Malaysia is an oasis of tolerance and freedom
AS you are reading this, a signally important conclave is gathering in Kuala Lumpur, the launching of a "Global Movement of Moderates", with the all-out backing of Prime Minister Datuk Seri Najib Razak.
Let me start by noting a personal prejudice. As a senior at Stanford University I had the honour of welcoming, and hosting, the visit of the then deputy prime minister, Tun Abdul Razak Hussein.
I was deeply impressed how this obviously tough guy radiated a sense of moderation, coming from a region rocked by extremism -- the rise of the Communist Party in Indonesia, insurgency in the Philippines, and of course the impending Vietnam War and the Emergency in Malaysia.
I expected, correctly, that when Tunku Abdul Rahman stepped down, Razak would continue wise ways in governance. So I come by my admiration for his son naturally, just as, more importantly, he comes by his sense of balance honestly.
The next year, 1964, the Republican presidential candidate in America, Barry Goldwater, stated famously that "I would remind you that extremism in the defence of liberty is no vice. And let me remind you also that moderation in the pursuit of justice is no virtue."
Cicero had said it in a more moderate context, but in any case Goldwater lost by the largest popular vote gap in our history -- before or since. Then at least America preferred moderation.
The golden mean moderation in all things, so famously made central to philosophic literature ever since by Aristotle, 2,400 years ago, is easier to say than implement. In the first place, it doesn't mean "moderation in vice" or moderation in evil, it means a real and whole stance of moderation.
The distinguished strategist Filipino General Jose Almonte, wrote me on this subject. "For any 'moderation movement' to have some credibility, its participants must accept a basic premise: that no political ideal no matter how high has the right to take away life, or destroy the soul of anyone."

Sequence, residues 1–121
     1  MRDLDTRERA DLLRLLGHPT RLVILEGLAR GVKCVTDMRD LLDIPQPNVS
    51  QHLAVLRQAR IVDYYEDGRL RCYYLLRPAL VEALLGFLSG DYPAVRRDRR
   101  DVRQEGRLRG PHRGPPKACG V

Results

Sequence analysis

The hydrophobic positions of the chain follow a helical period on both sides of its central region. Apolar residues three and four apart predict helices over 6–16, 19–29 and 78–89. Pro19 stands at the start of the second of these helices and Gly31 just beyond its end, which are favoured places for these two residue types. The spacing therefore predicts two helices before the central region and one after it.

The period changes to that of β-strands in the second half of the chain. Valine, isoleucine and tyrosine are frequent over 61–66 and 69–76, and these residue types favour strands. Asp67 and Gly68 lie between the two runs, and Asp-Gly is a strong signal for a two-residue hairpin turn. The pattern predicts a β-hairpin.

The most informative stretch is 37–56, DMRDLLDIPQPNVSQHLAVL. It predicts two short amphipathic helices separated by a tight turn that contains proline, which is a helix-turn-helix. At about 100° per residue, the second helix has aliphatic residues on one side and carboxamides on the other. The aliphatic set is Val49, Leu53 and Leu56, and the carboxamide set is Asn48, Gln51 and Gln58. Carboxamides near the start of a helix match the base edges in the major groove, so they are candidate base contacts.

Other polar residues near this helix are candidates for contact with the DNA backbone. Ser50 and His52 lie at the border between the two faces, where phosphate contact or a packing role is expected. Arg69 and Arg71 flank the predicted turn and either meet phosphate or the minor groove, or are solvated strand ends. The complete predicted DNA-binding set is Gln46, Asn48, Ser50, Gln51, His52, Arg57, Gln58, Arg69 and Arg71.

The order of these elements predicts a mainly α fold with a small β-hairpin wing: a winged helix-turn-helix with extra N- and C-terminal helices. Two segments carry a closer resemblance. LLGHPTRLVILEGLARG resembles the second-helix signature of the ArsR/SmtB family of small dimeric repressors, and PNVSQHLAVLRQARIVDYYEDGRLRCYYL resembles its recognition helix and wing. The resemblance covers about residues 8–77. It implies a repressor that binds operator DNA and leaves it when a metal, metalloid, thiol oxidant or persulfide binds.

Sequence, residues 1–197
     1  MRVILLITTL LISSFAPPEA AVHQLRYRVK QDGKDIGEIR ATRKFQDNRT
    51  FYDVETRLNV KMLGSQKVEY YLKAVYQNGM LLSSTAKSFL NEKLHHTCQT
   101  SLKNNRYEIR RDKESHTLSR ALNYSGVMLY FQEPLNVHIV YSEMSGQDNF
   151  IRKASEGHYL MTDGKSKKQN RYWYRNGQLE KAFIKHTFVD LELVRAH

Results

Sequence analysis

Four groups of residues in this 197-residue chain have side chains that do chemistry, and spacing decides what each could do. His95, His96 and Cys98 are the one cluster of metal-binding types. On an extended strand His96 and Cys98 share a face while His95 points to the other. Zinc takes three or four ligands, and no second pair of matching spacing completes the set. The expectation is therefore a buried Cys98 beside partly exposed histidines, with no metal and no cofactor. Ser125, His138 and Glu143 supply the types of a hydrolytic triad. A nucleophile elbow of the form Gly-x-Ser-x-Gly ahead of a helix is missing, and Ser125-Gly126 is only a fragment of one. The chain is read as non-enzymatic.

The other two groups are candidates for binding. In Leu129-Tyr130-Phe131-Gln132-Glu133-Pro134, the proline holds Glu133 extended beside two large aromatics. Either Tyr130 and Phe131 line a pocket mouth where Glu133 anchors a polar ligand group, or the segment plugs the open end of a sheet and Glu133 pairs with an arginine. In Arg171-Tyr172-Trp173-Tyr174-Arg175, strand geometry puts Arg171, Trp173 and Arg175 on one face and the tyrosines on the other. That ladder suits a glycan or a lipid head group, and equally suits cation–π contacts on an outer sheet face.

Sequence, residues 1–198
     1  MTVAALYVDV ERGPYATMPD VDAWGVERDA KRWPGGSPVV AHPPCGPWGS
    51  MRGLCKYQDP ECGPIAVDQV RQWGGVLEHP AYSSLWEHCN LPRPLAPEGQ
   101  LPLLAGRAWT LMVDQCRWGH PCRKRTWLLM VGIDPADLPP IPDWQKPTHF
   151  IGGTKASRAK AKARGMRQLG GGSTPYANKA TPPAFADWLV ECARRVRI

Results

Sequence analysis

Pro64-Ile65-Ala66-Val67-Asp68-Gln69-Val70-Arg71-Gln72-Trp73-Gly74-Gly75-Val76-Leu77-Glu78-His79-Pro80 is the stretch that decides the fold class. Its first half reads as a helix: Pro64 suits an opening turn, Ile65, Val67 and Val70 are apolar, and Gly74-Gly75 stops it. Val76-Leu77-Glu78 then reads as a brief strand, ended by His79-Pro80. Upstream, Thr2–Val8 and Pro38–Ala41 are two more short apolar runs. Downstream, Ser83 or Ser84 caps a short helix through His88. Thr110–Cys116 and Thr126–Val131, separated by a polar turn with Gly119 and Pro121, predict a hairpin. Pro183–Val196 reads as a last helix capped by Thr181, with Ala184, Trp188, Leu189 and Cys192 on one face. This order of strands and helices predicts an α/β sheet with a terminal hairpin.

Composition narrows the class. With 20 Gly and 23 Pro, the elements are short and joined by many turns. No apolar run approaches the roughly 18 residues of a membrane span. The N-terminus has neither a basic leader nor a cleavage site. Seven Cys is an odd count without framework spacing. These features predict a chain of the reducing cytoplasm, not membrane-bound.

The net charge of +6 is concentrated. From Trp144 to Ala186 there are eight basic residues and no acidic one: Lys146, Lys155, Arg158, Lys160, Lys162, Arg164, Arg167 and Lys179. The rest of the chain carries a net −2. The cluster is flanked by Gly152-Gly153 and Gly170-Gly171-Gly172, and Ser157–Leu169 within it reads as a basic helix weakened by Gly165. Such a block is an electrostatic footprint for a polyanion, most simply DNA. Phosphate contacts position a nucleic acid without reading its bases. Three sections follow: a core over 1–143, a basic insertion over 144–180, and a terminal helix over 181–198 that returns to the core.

Yes absolutely, but like Barack Obama in his Nobel acceptance speech, one sometimes has to take an armed response to extremism, I countered. Almonte has, after all, fought and won wars, for the sake of democracy.
Now the real problem about attaining moderation is that the international system, now more than ever, enables non-state actors, and off-balance state actors, to butt into what sometimes is a smoothly running international order. Every great international conference in history has had the objective of attaining, or restoring, a sense of order, without which moderate governance is impossible. If you are on the out, you have an incentive to be immoderate to get in. It can be pushed, all the way to the Strait of Hormuz, by two sides misunderstanding and miscalculating, to the brink of an international conflict.
In Iran, for example, had the Revolutionary Guards not come to such extraordinary power, it would have been possible to settle with the ayatollahs. But the Guards have no interest in that, unless they're fully running the state. So they have every interest in immoderation.
But moderate states like Malaysia can soften the edges of the conflict. There are several thousand Iranians in Malaysia attracted by the virtues of moderation; they didn't leave Iran for love of another country, but because Iran had become intolerant and Malaysia is a relative oasis of tolerance and freedom.
In Bali, I live in a culture where all good Hindus try to find their inner balance, every day in prayers and ceremonies. But that didn't prevent a bloodbath in 1965, when they killed off around five per cent of their own people, 50,000-100,000, who had allied themselves with extremists. They righted the balance, but at appalling cost.
Right now we are watching what would be amusing, were it not too scary, of a fringe movement in the United States gaining enough power to pull the ancient Republican Party off its right-of-centre moorings. Their view of the world is so distorted, but their attractions in a country of evangelists so powerful, that the supposedly most powerful country could dangerously lose its balance after November's election.
A movement of moderates is a good step in the right direction. It's the first time I ever recall that a government has ever got out in front of a march in the right direction, for the good of all.